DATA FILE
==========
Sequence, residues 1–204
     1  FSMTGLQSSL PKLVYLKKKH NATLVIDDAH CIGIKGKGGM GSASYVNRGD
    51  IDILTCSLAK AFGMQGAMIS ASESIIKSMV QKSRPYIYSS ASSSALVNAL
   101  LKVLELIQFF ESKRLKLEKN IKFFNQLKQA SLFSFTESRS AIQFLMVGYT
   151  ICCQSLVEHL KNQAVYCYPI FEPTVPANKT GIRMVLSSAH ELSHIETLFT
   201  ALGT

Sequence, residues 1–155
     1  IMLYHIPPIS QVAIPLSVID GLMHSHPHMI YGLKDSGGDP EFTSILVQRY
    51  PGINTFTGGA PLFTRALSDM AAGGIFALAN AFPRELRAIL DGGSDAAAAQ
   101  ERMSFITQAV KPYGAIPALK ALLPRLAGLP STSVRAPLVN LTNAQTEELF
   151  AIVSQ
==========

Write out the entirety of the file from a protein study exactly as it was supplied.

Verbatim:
Sequence, residues 1–204
     1  FSMTGLQSSL PKLVYLKKKH NATLVIDDAH CIGIKGKGGM GSASYVNRGD
    51  IDILTCSLAK AFGMQGAMIS ASESIIKSMV QKSRPYIYSS ASSSALVNAL
   101  LKVLELIQFF ESKRLKLEKN IKFFNQLKQA SLFSFTESRS AIQFLMVGYT
   151  ICCQSLVEHL KNQAVYCYPI FEPTVPANKT GIRMVLSSAH ELSHIETLFT
   201  ALGT

Sequence, residues 1–155
     1  IMLYHIPPIS QVAIPLSVID GLMHSHPHMI YGLKDSGGDP EFTSILVQRY
    51  PGINTFTGGA PLFTRALSDM AAGGIFALAN AFPRELRAIL DGGSDAAAAQ
   101  ERMSFITQAV KPYGAIPALK ALLPRLAGLP STSVRAPLVN LTNAQTEELF
   151  AIVSQ